This is without a doubt the gentlest exfoliant I’ve ever used. This bright blue mask sat on my face for over 30 minutes, and while it did set a bit, it never dried or cracked the way some mud-type masks do. When I rinsed this with lukewarm water, I was amazed to see my skin looking like a freakin’ face commercial! Usually any type of “purifying” or “deep cleaning” masks leaves my super-sensitive skin red and angry, but not this one. My skin felt seriously clean and soft after using this. I will definitely repurchase and add this to my weekly routine! HIGHLY recommended!

2. L’oreal Paris Revitalift Total Repair 10 Night Cream


The beauty biz has been buzzing about this product for some time, having won several awards for its effectiveness in a series of independent tests in the spring of last year. I finally picked this up at the beginning of December, and started using a tiny amount every-other night (under Josie Maran’s Argan oil). I have finally worked up to using it every night, and WOW is it amazing. My face feels plump in the morning, and no, not just from the nutella-stuffed french toast thank you very much. This stuff is seriously hydrating, but also is chock-full of gentle exfoliants so you wake up to glowing skin. Love.

3. (From left to right) L’oreal Paris Color Riche Les Ombres Eyeshadow Quad in Beige Trench; Maybelline New York Expert Wear Blush in Sweet Cinnamon (one of my all time favorite cheek colors); Revlon Eyelash Curler; Rimmel Lonon Wake Me Up Concealer in Ivory; Make Up Forever Full Cover Waterproof Extreme Camouflage Cream in 1; L’oreal Paris Mega Volume Collagen 24 hr Mascara; Maybelline Eyebrow Pencil in Light Blonde; Prestige Eyeliner Pencil in Black; M.Cosmetics Powder Brush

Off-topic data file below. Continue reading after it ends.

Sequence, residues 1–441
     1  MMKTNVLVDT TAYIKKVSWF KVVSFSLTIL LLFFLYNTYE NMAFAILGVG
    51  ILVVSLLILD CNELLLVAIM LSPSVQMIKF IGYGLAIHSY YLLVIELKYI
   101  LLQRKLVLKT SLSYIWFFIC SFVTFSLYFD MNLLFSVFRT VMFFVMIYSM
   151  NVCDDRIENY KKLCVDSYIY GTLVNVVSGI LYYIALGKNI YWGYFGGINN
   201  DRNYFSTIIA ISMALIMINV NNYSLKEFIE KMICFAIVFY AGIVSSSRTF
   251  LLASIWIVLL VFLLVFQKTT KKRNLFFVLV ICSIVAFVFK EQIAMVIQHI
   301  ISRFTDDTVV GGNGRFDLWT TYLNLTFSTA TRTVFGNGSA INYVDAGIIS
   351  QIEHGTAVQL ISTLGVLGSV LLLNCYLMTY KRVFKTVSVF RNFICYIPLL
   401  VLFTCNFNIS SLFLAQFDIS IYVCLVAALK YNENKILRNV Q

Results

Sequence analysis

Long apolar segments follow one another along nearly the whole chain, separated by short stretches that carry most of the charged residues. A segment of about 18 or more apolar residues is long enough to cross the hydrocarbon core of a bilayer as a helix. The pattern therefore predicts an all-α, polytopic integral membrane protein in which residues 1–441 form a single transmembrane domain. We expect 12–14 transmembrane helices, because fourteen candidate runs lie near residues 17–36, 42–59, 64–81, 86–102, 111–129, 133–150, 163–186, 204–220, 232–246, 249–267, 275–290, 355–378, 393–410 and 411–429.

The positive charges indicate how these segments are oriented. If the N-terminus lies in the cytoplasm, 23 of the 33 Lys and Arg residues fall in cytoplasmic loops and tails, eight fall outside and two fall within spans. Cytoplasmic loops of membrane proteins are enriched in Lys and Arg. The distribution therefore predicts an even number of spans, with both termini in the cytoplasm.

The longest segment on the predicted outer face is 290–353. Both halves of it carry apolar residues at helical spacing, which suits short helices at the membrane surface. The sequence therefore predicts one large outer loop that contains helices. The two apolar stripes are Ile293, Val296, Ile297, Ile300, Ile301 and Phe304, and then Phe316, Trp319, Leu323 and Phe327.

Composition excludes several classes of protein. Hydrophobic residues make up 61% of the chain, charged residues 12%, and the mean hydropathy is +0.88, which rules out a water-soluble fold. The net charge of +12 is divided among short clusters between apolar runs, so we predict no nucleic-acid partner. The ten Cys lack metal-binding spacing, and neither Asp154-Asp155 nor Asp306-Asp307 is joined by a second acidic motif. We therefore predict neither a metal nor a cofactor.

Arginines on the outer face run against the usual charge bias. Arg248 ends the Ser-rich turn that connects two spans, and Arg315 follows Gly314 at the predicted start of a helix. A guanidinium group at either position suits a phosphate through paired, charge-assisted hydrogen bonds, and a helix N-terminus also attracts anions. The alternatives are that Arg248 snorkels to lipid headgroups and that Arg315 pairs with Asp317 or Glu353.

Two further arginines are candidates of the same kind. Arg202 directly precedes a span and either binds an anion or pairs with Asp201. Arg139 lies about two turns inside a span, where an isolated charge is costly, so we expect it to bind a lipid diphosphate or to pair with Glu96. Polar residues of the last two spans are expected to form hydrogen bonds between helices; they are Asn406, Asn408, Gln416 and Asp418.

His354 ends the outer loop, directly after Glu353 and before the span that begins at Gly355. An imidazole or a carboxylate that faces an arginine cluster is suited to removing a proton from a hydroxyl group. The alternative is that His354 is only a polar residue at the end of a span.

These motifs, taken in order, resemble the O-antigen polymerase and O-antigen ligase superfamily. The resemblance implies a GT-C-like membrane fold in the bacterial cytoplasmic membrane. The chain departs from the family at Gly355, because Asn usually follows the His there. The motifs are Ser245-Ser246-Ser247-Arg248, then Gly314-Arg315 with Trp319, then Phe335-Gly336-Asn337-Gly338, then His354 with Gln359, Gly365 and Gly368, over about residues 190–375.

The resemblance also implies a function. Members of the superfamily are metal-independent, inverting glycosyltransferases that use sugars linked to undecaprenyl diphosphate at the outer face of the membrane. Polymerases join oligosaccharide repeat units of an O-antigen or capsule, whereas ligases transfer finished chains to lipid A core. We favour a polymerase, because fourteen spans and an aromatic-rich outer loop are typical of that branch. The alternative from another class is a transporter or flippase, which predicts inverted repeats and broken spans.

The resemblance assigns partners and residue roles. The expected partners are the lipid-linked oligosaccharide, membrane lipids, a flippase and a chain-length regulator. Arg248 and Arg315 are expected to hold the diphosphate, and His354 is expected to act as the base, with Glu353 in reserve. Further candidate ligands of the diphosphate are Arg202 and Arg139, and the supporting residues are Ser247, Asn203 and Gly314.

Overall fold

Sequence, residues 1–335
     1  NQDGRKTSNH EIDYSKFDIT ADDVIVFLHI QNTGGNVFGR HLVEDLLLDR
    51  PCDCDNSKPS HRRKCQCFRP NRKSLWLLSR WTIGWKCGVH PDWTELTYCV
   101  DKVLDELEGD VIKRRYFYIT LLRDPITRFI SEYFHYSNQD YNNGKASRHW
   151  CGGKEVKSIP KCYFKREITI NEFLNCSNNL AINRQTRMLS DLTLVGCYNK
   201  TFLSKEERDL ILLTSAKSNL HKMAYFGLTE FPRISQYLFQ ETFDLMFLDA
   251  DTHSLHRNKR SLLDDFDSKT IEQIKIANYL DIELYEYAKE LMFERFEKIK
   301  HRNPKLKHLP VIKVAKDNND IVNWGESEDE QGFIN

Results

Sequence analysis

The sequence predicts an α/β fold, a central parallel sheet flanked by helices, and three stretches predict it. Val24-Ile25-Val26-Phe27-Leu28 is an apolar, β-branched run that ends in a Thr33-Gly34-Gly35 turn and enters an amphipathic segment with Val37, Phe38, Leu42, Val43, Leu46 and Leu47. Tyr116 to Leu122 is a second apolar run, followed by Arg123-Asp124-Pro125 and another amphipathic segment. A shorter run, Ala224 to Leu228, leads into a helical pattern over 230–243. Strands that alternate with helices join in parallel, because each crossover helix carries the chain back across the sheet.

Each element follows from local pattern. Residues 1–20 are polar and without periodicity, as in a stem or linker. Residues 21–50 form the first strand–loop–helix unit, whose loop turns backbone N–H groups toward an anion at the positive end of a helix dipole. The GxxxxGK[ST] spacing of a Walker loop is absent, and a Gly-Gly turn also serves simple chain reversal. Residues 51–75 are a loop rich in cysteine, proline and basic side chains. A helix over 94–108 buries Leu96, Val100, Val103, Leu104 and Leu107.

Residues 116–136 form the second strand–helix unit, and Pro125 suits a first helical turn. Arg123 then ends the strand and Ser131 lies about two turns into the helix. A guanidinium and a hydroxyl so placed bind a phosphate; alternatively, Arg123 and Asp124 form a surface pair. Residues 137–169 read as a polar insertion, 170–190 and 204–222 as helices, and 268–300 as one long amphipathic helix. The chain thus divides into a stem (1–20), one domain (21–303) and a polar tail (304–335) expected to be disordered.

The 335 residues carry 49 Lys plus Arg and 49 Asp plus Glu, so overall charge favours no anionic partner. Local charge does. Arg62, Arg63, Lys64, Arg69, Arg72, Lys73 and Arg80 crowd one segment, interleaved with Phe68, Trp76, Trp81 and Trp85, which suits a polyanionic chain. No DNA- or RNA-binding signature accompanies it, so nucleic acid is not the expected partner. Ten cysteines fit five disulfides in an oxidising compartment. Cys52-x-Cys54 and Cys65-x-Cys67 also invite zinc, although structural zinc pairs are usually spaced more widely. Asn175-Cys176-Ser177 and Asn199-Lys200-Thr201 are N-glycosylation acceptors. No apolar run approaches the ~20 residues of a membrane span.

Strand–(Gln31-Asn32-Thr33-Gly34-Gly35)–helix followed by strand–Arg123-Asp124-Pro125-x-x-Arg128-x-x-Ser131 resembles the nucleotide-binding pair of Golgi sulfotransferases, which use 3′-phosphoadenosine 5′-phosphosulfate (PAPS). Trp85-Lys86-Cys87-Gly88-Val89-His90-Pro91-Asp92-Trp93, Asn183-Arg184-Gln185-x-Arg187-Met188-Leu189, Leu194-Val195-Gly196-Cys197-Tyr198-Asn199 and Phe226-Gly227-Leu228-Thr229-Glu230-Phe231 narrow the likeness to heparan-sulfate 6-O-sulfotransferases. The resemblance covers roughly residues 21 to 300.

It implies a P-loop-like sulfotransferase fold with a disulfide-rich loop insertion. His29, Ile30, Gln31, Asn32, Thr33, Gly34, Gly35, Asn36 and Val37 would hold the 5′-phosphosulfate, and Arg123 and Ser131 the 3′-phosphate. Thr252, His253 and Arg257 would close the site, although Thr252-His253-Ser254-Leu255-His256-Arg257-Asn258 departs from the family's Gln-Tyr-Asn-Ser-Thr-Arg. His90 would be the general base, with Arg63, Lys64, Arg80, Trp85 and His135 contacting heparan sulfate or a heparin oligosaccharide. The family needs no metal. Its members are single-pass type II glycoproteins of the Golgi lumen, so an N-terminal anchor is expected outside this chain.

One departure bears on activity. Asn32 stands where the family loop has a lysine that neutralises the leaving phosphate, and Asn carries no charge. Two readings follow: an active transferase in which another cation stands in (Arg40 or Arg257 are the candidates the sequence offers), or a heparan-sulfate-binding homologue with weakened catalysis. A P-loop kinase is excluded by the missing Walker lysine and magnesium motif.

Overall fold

I’ve updated my make-up routine, editing out foundation. I go through phases (typically in the middle of winter and again in the middle of summer) when foundation just doesn’t work for me. I’m too pale to color-match and I get paranoid about flaking, so I just stick to concealer. The Rimmel concealer goes on under my eyes, on my chin, and on my cheeks–everywhere I need to even out my skin tone. The heavy duty Makeup For Ever concealer is only used on serious spots–the broken capillaries I have scattered around my face, the sides of my nose that are rudolph-red from constant nose blowing, and on any blemishes that pop up.

The black liner is only used on my water-line on my upper lid, and dotted throughout my lower lashes in lieu of mascara. The blush is one of the prettiest colors ever–a deep burnt rose, bordering on tawny, with microscopic gold flecks, it is the perfect way to get sun-kissed color in the dead of winter. I apply it with the fluffy brush above to bring a healthy wash of color to my cheecks and temples.

Photo 9

Have you updated your routine this winter?



Roasted Red Pepper Soup

This soup here? Right here?